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More details on arrest of state trooper accused of unauthorized records use, stalking, and terroristic threatening

More information has been released regarding Wednesday’s resignation and subsequent arrest of an Arkansas State Police (ASP) trooper accused of unlawfully accessing crime information center records, stalking, and terroristic threatening.

Cpl. Mark Eugene Holland (pictured below in an ASP file image), 54, of Heber Springs, resigned and was arrested at a Cleburne County residence on Wednesday after an ASP investigation alleged he accessed information or records from the Arkansas Crime Information Center (ACIC) and used the info from the database to contact, stalk, and threaten an Independence County woman. Laws prohibit access and use of such records for non-law enforcement purposes. Using information gained from the records in the furtherance of committing other crimes is a Class D felony.

Mark Holland - file ASP.jpg

According to documents filed in Independence County Circuit Court, ASP authorities received information from the Independence County Sheriff’s Department regarding a complaint against Holland from the woman.

The victim told officers she had received a letter postmarked Nov. 30, 2019, in which the author stated they had “strong feelings” for the victim and they were willing to spend money for pictures of the woman.

The victim told authorities she had also been receiving anonymous emails since March 2016, according to court info. The Reply-To addresses of the emails, according to the court filing, were also referenced in the late-November letter to the victim as a means to possibly reply to the author.

The woman provided officers with 23 of the emails she said she had received since April of this year. The author of the emails made “sexual related requests” of the victim in some of the correspondence’s content, court documents said. The author of the emails also wrote they would pay for nude photos of the woman, and in one email quoted in the documents, noted “…if I have to come over there, I’ll take my own pics. I’m going to get what I want.” The email also stated, “…you are going to scream and moan, but you probably won’t really like it,” according to court information.

The victim told Independence County authorities she believed the correspondence was from Holland because of a previous message from him on her social media regarding her appearance and his ability as a law enforcement officer to access her information, the filing stated. She also told investigators her lifestyle had changed due to the harassment, stating it had caused her to fear for her and her family’s life.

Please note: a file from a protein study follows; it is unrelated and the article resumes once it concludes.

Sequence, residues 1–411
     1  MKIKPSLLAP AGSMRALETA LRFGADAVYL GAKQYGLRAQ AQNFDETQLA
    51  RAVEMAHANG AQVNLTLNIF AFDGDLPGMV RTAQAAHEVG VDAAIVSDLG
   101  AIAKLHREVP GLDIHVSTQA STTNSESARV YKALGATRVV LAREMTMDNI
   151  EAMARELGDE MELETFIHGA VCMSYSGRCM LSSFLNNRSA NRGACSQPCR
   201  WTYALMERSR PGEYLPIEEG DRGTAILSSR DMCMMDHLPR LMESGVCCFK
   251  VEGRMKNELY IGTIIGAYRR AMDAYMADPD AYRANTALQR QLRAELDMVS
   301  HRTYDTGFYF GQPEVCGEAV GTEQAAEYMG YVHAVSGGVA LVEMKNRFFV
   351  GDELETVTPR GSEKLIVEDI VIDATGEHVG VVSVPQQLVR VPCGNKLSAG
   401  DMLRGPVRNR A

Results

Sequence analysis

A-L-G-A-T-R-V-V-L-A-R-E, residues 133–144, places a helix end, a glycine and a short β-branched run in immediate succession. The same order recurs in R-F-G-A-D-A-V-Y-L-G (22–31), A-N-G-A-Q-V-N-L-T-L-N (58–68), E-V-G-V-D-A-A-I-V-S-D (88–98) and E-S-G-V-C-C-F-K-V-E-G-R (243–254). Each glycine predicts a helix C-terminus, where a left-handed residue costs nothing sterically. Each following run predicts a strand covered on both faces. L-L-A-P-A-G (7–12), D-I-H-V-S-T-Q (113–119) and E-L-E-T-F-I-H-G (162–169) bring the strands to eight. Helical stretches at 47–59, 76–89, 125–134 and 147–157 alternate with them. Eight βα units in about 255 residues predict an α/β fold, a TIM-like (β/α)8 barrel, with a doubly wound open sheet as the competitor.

During the ASP investigation, Holland was presented with some of the emails. He told the investigator he sent the emails and the letter to the victim, and he said he accessed the ACIC system “multiple times” to obtain information about her, including the location of her address, according to the court filing. A check of the database revealed Holland had accessed information about the victim at least 18 times since 2016, the court information said.

When the ASP investigator asked Holland about approaching the victim’s residence, he stated he had driven by in his marked state police vehicle multiple times to determine if the victim was home, the court info said. Holland told the investigator he was “infatuated” with the victim and had also sent emails expressing his infatuation to the victim’s husband, according to the filing.

Holland, a 19-year veteran of the Arkansas State Police, had been assigned to the Highway Patrol Division, Troop B, headquartered at Newport.

“As law enforcement officers we are expected by the public, and even among ourselves as protectors of the public, to live by standards both privately and professionally that exceed the principles of all others,” said Col. Bill Bryant, director of the Arkansas State Police, following Holland’s arrest on Wednesday. “I am both saddened and disappointed that someone who was among the ranks of the Arkansas State Police now stands accused of these crimes, but it is heartening to know we acted promptly to find the facts and present the evidence to the prosecuting attorney and court to hold this person accountable.”

Holland is facing criminal charges that include 18 counts of violating laws limiting access and use of information or records retained by the Arkansas Crime Information Center (ACIC).

Additionally, Holland is charged with terroristic threatening and stalking, also Class D felonies.

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